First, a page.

- The Washington Times - Saturday, January 11, 2003

CHICAGO, Jan. 11 (UPI) — As of Saturday, Illinois' "death row" sits empty.

Illinois Gov. George Ryan, in one of his final actions before leaving office Monday, decided his state's death penalty statute is too flawed to impose.

He used his legal authority to grant clemency to change the sentences of three condemned inmates to 40-year prison terms, saying there were inconsistencies in the ways Mario Flores, Montell Johnson and William Franklin were sentenced compared to accomplices in their crimes.

For the other 152 inmates on death row, Ryan commuted their sentences to life in prison, without the option of parole.

Illinois has been a key state in the issue of death penalty debate because of the number of errors that have cropped up in recent years.

During the 1990s, 12 inmates were executed by lethal injection. But 17 other death row inmates were ultimately exonerated of their crimes — including four Ryan pardoned Friday.

But the Illinois General Assembly has been reluctant to approve a series of reforms devised by a task force.

Ryan said Saturday while addressing law school students at Northwestern University the Legislature's refusal to act is what swayed him to clean out the death rows that exist at the state prisons in Chester and Tamms. Tamms houses the state's execution chamber.

"To say it plainly one more time, the Illinois capital punishment system is broken," Ryan said. "It has taken innocent men to a hair's breadth escape from their unjust execution.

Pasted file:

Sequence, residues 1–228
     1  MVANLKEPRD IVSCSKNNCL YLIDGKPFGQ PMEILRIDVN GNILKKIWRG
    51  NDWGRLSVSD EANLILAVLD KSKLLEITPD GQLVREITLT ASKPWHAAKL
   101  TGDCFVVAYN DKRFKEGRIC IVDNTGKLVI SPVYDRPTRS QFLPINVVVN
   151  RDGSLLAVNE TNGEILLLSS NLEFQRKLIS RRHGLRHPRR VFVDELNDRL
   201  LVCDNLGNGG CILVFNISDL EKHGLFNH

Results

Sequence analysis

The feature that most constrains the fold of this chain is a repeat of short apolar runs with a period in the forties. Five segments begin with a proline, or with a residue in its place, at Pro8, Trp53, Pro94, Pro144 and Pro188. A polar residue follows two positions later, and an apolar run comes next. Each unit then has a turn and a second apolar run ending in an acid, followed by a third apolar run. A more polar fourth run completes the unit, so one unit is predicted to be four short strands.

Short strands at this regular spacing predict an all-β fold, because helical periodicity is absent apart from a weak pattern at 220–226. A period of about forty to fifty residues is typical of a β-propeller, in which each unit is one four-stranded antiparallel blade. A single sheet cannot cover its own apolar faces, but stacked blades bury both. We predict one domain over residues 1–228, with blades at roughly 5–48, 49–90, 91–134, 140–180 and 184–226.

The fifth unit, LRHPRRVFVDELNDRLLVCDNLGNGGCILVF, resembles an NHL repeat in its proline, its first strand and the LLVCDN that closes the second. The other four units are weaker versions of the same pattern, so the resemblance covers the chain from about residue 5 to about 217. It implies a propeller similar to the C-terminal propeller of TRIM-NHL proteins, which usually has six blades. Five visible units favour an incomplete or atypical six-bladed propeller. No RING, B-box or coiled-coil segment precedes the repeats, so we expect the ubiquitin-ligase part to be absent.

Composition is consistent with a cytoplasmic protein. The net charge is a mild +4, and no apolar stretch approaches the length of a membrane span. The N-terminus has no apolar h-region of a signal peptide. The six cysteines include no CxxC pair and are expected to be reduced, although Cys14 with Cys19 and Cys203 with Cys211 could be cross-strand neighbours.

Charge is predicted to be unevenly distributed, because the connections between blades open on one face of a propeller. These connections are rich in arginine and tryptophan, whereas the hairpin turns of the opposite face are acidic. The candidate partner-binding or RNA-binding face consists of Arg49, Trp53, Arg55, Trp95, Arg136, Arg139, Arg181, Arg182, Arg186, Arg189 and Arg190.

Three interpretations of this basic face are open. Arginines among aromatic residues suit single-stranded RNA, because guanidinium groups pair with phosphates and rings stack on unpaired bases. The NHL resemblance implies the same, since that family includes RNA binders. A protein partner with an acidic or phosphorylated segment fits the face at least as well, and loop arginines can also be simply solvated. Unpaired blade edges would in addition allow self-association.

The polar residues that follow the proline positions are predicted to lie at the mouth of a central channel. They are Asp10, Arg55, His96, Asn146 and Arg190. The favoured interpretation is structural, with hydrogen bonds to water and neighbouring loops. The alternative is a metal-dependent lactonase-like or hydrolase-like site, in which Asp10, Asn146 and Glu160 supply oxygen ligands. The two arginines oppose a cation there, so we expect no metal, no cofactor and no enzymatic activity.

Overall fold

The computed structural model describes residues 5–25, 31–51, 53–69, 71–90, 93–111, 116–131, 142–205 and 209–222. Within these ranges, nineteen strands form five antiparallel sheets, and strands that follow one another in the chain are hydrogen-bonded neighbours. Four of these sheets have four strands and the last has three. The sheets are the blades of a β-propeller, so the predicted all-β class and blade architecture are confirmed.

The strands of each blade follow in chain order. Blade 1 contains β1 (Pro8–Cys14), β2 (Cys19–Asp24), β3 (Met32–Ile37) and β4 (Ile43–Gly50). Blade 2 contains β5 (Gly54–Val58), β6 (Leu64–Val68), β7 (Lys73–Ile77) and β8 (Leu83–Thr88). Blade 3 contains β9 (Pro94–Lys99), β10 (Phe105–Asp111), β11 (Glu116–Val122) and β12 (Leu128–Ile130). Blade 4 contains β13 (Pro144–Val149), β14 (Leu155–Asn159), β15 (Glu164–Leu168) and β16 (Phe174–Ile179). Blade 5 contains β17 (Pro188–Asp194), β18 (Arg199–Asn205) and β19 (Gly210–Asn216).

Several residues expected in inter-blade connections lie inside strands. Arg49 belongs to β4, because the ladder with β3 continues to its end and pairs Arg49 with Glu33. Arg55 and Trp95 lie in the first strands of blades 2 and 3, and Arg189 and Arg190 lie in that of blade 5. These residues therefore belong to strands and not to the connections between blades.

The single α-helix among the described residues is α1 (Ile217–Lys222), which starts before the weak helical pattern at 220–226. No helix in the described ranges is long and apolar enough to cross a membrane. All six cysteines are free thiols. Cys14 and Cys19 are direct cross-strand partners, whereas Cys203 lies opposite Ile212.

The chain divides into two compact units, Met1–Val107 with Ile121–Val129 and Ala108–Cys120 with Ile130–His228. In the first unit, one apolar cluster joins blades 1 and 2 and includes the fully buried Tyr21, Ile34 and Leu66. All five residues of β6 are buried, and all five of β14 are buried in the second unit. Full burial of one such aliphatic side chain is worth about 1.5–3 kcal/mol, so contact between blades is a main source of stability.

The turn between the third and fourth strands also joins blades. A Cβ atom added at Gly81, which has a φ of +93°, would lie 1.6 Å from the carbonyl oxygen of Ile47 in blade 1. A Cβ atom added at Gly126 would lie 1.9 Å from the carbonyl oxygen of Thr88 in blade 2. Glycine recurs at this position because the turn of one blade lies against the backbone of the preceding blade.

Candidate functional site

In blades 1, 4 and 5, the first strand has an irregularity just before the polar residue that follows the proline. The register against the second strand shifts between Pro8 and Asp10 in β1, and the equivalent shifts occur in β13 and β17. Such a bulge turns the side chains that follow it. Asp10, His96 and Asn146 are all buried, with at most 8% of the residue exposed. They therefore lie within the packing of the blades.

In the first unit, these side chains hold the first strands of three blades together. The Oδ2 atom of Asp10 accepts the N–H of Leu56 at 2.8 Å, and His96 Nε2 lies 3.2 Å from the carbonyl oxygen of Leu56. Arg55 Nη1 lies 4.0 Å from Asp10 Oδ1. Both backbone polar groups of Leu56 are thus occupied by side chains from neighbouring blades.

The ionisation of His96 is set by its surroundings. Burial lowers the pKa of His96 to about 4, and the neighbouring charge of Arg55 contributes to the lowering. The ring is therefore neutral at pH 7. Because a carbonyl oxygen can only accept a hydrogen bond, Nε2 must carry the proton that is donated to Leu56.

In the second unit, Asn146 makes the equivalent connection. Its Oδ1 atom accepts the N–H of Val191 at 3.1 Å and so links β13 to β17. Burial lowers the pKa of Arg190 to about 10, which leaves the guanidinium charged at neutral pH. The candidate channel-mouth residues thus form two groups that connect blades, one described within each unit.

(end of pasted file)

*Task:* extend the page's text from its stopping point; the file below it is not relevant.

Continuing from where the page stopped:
"Legislatures past have refused to fix it. Our new Legislature and our new governor must act to rid our state of the shame of threatening the innocent with execution and the guilty with unfairness."

Gov.-elect Rod Blagojevich said he does not think death row needed to be cleaned out to reform capital punishment, adding he hopes to approve reforms at some point in his administration.

Also upset was the Illinois Prosecutors Bar Association, which said it saw Ryan's "blanket commutation" as an insult to the officials involved in the rounds of legal appeals death row cases are put through.

"The granting of pardons or commutations for any other reason would usurp the discretion of the judges and juries who heard the cases," association President Bernard Murray said. "It would be an affront to the victims' families and the communities affected by these crimes.

"It would trample on the law made by the common consent of the people."

But Ryan, who admits that Mexican President Vicente Fox, former South Africa President Nelson Mandela and Bishop Desmond Tutu all contacted him in the past week to urge the mass commutation, said he thinks his actions are just.

"I realize it will draw ridicule, scorn and anger from many who oppose this decision. They will say I am usurping the decisions of judges and juries and state legislators," he said.

"But as I have said, the people of our state have vested in me to act in the interest of justice. I can tell you this, I'm going to sleep well knowing I made the right decision."

Ryan's decision received praise from the American Civil Liberties Union and from Amnesty International, both of which were glad to see the outgoing Illinois governor take the stance.

Chicago-based criminal defense attorney Jed Stone, who had seven clients on Illinois' death row, said he was pleased, even though his clients are now looking at the prospect of years, or even decades, of time served in maximum-security prisons.

"Life is life. It's better than death," Stone said. "This is a huge step for the governor to take, and he has a right to be proud of his actions."

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